BBC Earth (Asia) - - Update -

They may look like some­thing you wouldn’t want to tread in, but these 3D-printed struc­tures could one day help us to build a colony on Mars.

The minia­ture igloo and cor­ner wall were man­u­fac­tured by a team of re­searchers at the Euro­pean Space Agency, who were in­ves­ti­gat­ing the feasibility of one day us­ing lo­cally sourced ma­te­ri­als for build­ing on Mars and other plan­ets. The struc­tures were pro­duced by mix­ing JSC-Mars1A – volcanic soil that has un­der­gone care­ful pro­cess­ing to match the known com­po­si­tion and char­ac­ter­is­tics of Mar­tian soil – with phos­phoric acid, then squeez­ing it through a noz­zle and de­posit­ing it in suc­ces­sive lay­ers.

“The hard­ened re­sults demon­strate the tech­nique has po­ten­tial for hard­ware and struc­tural man­u­fac­tur­ing on a va­ri­ety of plan­e­tary bod­ies – it does not de­pend on the des­ti­na­tion,” said re­searcher Christoph Buch­ner.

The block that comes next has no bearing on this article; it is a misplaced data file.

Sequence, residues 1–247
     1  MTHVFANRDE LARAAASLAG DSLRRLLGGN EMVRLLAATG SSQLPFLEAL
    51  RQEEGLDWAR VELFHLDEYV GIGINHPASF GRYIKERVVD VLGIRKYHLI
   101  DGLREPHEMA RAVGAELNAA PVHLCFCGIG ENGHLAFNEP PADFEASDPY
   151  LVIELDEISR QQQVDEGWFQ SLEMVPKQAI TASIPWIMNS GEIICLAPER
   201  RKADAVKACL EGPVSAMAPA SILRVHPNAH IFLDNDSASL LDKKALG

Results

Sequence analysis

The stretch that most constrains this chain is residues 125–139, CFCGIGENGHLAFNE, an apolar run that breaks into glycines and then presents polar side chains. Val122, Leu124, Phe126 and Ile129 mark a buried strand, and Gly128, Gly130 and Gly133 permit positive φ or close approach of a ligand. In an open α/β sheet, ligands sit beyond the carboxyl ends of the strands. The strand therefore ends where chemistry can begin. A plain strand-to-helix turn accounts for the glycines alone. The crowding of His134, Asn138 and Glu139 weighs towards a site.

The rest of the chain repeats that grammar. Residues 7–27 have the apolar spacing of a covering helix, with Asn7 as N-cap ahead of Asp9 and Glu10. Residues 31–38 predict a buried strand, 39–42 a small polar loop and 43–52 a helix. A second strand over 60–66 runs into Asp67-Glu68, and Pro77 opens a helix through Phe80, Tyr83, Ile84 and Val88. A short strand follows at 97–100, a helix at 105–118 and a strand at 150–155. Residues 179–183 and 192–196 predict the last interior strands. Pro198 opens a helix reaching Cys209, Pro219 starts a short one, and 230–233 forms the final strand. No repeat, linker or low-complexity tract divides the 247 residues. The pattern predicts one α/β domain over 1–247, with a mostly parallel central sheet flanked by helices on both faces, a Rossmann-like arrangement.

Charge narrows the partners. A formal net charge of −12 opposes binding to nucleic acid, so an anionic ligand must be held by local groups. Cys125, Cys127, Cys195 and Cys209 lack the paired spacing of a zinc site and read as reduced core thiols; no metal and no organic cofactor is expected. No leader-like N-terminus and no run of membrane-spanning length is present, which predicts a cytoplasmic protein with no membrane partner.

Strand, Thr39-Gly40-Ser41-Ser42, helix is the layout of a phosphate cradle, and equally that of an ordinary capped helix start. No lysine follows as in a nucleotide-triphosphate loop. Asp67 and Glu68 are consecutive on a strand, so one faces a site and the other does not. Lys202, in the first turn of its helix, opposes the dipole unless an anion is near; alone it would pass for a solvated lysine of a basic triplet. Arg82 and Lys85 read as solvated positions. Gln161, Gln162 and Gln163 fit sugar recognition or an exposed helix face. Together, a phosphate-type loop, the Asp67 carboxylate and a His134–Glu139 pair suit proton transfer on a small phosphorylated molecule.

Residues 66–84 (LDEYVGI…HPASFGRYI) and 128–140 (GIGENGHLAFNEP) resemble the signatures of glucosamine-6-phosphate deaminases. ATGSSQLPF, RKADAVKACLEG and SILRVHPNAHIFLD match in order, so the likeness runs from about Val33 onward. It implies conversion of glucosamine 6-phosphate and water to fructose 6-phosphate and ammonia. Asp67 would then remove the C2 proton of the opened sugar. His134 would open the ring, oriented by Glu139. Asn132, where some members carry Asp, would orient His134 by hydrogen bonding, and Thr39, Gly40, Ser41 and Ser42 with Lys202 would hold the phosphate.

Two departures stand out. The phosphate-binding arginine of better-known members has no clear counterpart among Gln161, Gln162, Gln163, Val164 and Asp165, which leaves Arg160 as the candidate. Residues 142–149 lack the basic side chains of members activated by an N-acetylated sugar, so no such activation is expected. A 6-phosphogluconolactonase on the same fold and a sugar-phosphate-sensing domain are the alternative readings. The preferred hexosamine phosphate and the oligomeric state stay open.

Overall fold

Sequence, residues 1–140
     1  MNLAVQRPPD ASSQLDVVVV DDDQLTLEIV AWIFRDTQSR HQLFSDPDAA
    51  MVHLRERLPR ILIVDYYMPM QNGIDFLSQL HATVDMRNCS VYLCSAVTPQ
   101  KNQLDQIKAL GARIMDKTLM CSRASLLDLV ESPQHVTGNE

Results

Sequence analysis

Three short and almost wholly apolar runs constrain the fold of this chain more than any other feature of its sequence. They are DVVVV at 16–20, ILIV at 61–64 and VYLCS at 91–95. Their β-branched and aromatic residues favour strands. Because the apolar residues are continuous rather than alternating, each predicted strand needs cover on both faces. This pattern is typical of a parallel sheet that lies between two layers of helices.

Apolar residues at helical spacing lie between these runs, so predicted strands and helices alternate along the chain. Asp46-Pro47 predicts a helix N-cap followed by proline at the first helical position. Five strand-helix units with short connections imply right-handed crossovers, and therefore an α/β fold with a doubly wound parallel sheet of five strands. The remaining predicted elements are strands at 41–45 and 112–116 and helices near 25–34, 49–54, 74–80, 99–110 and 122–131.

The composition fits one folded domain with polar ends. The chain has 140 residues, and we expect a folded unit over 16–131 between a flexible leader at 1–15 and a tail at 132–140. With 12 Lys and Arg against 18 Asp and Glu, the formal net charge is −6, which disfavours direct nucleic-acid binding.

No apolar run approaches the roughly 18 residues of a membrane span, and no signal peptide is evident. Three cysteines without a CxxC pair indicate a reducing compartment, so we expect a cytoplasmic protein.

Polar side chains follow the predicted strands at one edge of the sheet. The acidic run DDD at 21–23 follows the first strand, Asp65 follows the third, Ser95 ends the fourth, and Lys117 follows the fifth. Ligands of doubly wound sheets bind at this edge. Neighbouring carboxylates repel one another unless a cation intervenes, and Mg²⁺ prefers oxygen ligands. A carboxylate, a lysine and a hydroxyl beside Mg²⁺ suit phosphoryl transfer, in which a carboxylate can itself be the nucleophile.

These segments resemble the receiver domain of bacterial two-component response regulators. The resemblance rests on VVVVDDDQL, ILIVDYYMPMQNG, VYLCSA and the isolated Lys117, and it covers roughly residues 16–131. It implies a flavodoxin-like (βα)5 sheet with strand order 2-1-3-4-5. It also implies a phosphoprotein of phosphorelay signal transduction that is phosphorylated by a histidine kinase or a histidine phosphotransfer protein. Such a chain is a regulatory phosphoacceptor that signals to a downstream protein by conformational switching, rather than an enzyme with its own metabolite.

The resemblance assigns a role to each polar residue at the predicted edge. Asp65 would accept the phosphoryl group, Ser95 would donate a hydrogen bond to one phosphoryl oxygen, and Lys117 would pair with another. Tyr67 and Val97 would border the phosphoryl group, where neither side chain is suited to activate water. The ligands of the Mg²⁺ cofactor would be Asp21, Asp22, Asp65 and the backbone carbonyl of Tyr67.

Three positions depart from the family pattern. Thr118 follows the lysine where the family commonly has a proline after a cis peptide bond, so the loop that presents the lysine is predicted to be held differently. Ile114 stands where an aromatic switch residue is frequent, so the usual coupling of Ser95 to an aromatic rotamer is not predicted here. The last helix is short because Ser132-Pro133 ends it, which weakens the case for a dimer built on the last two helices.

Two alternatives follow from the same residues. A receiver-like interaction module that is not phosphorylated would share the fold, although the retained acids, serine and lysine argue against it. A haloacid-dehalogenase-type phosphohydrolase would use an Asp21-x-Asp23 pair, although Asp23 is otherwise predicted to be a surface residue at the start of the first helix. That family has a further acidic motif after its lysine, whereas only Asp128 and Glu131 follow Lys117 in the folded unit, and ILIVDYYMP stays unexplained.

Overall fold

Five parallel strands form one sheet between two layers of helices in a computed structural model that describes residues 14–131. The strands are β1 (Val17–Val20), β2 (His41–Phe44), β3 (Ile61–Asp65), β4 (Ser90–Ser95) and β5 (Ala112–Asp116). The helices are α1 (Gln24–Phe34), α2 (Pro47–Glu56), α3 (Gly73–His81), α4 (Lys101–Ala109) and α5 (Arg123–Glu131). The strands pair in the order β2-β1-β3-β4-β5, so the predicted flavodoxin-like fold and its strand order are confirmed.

The 3D-printed test ob­jects rep­re­sent the types of struc­tures that Mars colonists would need to build to sur­vive, and mark an ex­cit­ing step for­wards for what the re­searchers call ‘in-situ re­source util­i­sa­tion’ – the con­cept of us­ing lo­cally sourced ma­te­ri­als as much as pos­si­ble on plan­e­tary mis­sions, in an ef­fort to min­imise the space­craft’s pay­load on launch.

These tiny ob­jects are proof that 3D print­ing with mod­i­fied Mar­tian soil is fea­si­ble

Newspapers in English

Newspapers from Singapore

© PressReader. All rights reserved.